In the old days, banking hours were from 10:00 am until 3:00 pm, except Friday.
On Friday banks stayed open till 6:00 pm giving working people extra time to deposit their hard-earned paychecks and get a little cash for the weekend. Banks were never open on Saturday or Sunday!
Then the world of banking changed. But, has it changed for the better?
Sure, banking has become more convenient; longer hours, seven days a week, ATM’s. They’ve increased their services and products. But over the last ten years they’ve increased their deception, over-leveraging, and taken greater risks with their depositors money. The results; foreclosures beyond our imagination.
The FDIC took Christmas Day off or it could have been even worse.
As a result of taking the day off, not a single bank was closed on Friday, December 25th. The ten (10) they assumed the previous two weeks brought the 2009 total to 140; six more from the four states with the most failures.
Georgia (25), Illinois (21), California (16), and Florida (14) account for 55% of the bank failures in 2009. But very few states escaped the tenacity of the Federal Deposit Insurance Corporation this year. The FDIC Bank Watchlist increased to 552 last quarter. Eighteen (18) states lost no banks in 2009; although Arkansas and West Virginia each lost a bank in 2008. Hawaii has not had a bank foreclosed on since October of 2000. Louisiana, Tennessee, and Connecticut each lost a bank back in 2002. There are twelve states that have not lost a bank since the current list posted by the FDIC begins in 2000.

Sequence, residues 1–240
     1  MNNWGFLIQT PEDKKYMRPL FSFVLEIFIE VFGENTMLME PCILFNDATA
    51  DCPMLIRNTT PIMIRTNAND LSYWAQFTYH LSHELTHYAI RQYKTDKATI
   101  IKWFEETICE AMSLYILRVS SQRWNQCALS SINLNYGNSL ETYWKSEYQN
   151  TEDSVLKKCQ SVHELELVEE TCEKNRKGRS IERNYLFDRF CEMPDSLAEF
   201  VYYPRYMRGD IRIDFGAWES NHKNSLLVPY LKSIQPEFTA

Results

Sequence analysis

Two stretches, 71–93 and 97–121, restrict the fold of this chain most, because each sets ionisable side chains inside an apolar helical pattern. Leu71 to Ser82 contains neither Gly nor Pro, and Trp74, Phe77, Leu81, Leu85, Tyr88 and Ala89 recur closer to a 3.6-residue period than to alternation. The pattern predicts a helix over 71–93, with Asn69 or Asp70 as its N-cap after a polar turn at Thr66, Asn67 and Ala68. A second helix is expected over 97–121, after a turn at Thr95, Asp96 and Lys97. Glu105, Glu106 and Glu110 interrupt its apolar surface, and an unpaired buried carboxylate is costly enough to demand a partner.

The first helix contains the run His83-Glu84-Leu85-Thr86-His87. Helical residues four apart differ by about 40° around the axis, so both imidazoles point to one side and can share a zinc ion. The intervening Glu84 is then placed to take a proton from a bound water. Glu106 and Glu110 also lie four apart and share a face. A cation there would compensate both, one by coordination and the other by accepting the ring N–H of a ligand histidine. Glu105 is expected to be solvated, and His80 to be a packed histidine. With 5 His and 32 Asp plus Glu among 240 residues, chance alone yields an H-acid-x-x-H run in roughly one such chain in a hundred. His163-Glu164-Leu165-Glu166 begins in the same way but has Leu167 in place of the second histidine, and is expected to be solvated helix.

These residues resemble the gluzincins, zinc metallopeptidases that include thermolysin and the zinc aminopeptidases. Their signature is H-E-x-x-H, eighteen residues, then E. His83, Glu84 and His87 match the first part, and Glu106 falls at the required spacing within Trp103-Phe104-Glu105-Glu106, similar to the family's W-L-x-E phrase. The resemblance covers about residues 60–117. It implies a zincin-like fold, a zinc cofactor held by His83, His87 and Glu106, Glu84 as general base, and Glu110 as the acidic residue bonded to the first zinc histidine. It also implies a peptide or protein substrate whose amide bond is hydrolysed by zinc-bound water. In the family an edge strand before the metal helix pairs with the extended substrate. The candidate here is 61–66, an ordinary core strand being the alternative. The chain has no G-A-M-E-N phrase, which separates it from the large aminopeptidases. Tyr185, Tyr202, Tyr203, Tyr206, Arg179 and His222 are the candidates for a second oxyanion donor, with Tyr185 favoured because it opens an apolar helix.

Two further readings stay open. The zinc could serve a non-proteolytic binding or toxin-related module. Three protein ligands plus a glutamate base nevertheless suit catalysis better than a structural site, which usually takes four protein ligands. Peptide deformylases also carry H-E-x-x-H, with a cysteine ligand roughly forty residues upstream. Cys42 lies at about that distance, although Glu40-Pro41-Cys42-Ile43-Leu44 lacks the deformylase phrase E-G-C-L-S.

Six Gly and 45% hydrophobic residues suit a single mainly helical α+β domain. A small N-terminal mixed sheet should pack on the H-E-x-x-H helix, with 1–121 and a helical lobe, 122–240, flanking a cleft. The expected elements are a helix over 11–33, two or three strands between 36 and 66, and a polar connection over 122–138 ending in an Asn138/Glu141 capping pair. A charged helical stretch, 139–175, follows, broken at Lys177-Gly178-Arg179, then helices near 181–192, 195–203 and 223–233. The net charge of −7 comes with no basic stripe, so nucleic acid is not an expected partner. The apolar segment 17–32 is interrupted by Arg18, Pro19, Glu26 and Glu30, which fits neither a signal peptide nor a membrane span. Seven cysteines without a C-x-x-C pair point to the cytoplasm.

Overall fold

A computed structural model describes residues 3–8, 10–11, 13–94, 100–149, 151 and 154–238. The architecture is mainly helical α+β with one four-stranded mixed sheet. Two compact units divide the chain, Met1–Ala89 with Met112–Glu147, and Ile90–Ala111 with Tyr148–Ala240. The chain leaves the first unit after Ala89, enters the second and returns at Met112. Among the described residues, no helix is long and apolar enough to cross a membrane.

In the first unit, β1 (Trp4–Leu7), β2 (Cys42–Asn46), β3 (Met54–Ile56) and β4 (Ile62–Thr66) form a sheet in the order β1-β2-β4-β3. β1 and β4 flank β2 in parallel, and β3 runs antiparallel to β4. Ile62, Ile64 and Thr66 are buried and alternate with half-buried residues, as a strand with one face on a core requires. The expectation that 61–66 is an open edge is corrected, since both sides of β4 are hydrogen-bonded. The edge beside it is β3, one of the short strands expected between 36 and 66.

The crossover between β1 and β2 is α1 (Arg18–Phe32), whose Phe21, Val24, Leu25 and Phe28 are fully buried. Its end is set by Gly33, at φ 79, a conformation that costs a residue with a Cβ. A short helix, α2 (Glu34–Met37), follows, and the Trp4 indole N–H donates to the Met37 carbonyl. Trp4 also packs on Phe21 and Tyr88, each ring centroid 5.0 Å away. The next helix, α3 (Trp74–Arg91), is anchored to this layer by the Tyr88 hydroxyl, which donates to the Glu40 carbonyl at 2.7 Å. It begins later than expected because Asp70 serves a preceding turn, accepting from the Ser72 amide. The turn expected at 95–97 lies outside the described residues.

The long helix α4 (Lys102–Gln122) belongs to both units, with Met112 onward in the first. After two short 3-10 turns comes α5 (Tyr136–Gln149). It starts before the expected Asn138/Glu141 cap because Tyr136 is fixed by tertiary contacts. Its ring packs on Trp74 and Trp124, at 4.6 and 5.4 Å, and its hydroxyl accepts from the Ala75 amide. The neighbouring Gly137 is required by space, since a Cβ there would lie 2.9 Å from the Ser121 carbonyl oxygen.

Georgia and California had five (5) banks each seized in 2008 accounting for 40% of all the foreclosures that year. IndyMac, based in Pasadena, California, was the largest bank seized by the FDIC in 2008, with an *asterisk, and cost the Federal Deposit Insurance Fund nearly $9 billion. Colonial Bank of Montgomery, Alabama was the largest bank taken over in 2009 at $25 billion. But, incredibly, it only cost the Fund $2.8 billion.
The * in 2008? Washington Mutual was by far the largest foreclosure of the year with $307 billion in assets. But the quick sale to JP Morgan Chase left the FDIC with zero liabilities. Two other banks, both giants and dwarfing IndyMac, avoided foreclosures when the FDIC was able to find buyers in the 11th hour. Wells Fargo snatched Wachovia away from Citi with a better proposal and PNC Financial got a sweet deal to take-over National City Corp, then the 10th largest bank in the nation, in the closing days of the year.
So what does the landscape look like for 2010? What can we realistically expect? Read the rest of this entry »